I’ll start with inflation. The Fed’s inflation target is 2.0 percent. The Fed’s key inflation target is based on core personal consumption expenditures (PCE). Over the last year, it rose only 1.7 percent. It’s important that we recognize this as an average not a ceiling, meaning that the recent long period of sub-2.0 percent price inflation should be followed by an extended period when price growth exceeds 2 percent annually for a spell. But because price inflation is strongly influenced by wage inflation, if the Fed is serious about wanting 2 percent price inflation in the long run, it cannot have nominal wages rise as slowly as they have in recent years. Irwin’s implicit recommendation that we declare nominal wages growing fast enough would lock in price inflation below the Fed’s long-run target.
Second, why is it important to target the long-run trend in productivity growth rather than current estimates? Because “nowcasting” productivity growth consistently fails. This long-run trend in productivity is universally thought to be higher than the growth we’ve seen in very recent years, which has seen a pronounced slowdown in productivity growth. But taking this slower productivity as an unchangeable feature of the U.S. economy would be a mistake. In fact, it could well be that slow wage growth is a culprit for slow productivity growth. In that case, pushing wages up further by continuing to let the labor market tighten could increase productivity as employers gain incentives to make the additional capital investments to make those workers more productive. If we take today’s slower productivity as given for the future, we are shortchanging the economy and its workers, who won’t reap the rewards of full employment.
On both counts—inflation and productivity—policymakers should see very recent data as coming in too slow and should target faster growth. Let’s say, though, that we finally hit nominal wage growth in the range consistent with the Fed’s target and trend productivity. What then? Do we stop there? No! If the pace of nominal wage growth is exceeding the Fed’s target and productivity trends, that means workers are finally reclaiming some of the income that capital had been receiving in prior years, as workers’ bargaining power had been hamstrung by the slow recovery. The labor share of income is still quite low in historical terms. We have yet to reach the labor share at the lowest point in the business cycles of the 1980s or 1990s. We need to do a better job of digging out of the hole dug in the Great Recession and its aftermath. To do that, we need to see sustained stronger wage growth. And we shouldn’t declare wage growth strong simply by defining down our inflation and productivity expectations.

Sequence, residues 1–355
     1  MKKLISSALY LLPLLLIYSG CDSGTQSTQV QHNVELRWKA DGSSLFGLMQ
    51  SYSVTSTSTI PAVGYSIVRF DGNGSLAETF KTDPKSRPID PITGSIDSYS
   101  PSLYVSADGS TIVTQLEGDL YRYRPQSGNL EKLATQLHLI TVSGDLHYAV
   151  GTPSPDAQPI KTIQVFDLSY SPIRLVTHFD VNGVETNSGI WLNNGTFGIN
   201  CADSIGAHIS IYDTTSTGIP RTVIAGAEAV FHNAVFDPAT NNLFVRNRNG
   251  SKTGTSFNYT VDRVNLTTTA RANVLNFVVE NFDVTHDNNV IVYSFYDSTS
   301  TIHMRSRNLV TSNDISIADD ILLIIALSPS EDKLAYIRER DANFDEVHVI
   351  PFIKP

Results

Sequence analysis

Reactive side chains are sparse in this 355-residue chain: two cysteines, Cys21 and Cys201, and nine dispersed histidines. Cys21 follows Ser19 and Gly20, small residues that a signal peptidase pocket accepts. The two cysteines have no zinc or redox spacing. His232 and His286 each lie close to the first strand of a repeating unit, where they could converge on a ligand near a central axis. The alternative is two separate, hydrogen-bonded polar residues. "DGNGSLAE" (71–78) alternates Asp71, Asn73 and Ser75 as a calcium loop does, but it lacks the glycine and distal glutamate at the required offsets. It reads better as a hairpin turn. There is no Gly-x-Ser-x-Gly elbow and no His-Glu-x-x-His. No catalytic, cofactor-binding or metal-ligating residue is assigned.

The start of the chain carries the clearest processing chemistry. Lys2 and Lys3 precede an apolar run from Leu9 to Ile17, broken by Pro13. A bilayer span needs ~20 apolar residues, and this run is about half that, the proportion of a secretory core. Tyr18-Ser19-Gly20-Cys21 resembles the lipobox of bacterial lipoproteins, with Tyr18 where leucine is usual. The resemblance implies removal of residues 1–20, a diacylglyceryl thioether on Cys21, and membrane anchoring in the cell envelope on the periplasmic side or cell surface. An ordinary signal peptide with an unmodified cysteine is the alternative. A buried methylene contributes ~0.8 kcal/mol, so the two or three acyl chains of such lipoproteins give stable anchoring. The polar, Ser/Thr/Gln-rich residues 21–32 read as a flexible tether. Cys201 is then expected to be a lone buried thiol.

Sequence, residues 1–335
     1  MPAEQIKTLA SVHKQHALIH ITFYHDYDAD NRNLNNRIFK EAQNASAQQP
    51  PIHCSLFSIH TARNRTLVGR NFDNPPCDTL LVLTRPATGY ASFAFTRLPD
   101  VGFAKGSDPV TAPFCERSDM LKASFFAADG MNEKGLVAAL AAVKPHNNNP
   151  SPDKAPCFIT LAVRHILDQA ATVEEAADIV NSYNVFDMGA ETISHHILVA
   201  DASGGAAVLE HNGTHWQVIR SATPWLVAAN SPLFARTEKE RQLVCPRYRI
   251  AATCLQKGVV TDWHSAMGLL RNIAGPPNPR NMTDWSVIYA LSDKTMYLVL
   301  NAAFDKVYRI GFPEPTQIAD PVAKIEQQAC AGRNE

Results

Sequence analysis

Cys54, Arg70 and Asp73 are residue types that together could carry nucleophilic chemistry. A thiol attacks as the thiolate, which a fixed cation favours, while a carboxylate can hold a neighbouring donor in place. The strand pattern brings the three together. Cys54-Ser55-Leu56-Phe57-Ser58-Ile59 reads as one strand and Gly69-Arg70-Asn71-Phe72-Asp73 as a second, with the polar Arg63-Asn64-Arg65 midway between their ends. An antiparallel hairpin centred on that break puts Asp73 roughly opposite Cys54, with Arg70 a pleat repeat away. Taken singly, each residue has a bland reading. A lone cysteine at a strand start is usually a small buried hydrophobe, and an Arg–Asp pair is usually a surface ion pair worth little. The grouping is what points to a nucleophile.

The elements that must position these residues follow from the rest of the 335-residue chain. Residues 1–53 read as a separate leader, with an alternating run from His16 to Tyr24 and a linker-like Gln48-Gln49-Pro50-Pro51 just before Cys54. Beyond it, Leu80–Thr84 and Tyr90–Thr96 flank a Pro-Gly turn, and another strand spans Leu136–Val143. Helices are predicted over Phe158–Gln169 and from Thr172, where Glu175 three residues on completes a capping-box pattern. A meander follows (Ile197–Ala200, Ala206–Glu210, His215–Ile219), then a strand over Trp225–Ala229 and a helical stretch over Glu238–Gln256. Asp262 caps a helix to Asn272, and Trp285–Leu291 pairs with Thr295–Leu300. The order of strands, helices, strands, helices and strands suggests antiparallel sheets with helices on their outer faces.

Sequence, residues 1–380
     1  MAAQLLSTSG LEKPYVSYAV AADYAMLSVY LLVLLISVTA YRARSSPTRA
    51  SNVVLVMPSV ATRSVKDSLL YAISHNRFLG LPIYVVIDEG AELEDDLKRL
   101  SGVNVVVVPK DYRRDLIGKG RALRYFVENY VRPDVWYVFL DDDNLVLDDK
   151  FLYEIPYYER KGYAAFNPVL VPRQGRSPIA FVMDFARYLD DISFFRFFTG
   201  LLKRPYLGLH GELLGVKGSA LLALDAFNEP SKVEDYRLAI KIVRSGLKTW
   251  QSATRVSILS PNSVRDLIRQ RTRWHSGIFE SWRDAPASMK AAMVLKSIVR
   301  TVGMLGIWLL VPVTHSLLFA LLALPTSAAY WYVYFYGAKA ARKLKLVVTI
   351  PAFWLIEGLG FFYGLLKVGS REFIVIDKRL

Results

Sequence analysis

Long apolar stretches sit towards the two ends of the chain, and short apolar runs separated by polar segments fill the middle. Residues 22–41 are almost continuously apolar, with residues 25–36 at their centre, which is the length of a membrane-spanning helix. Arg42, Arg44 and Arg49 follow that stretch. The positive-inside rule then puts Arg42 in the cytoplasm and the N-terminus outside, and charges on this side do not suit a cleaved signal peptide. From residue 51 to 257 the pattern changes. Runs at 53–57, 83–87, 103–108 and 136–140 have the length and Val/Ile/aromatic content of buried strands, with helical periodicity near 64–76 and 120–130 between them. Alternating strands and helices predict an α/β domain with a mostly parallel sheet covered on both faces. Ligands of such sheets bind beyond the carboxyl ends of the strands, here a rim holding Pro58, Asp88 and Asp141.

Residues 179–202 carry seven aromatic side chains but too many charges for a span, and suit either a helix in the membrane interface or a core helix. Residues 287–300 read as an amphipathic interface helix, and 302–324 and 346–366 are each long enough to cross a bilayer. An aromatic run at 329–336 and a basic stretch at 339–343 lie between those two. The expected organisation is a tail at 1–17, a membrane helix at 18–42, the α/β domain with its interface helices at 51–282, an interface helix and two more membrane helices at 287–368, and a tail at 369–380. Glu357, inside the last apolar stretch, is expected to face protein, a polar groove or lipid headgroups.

Workers’ share of corporate income hasn’t recovered: Share of corporate-sector income received by workers over recent business cycles, 1979–2017
Note: Shaded areas denote recessions. Federal Reserve banks' corporate profits were netted out in the calculation of labor share.
Source: EPI analysis of Bureau of Economic Analysis National Income and Product Accounts (Tables 1.14 and 6.16D)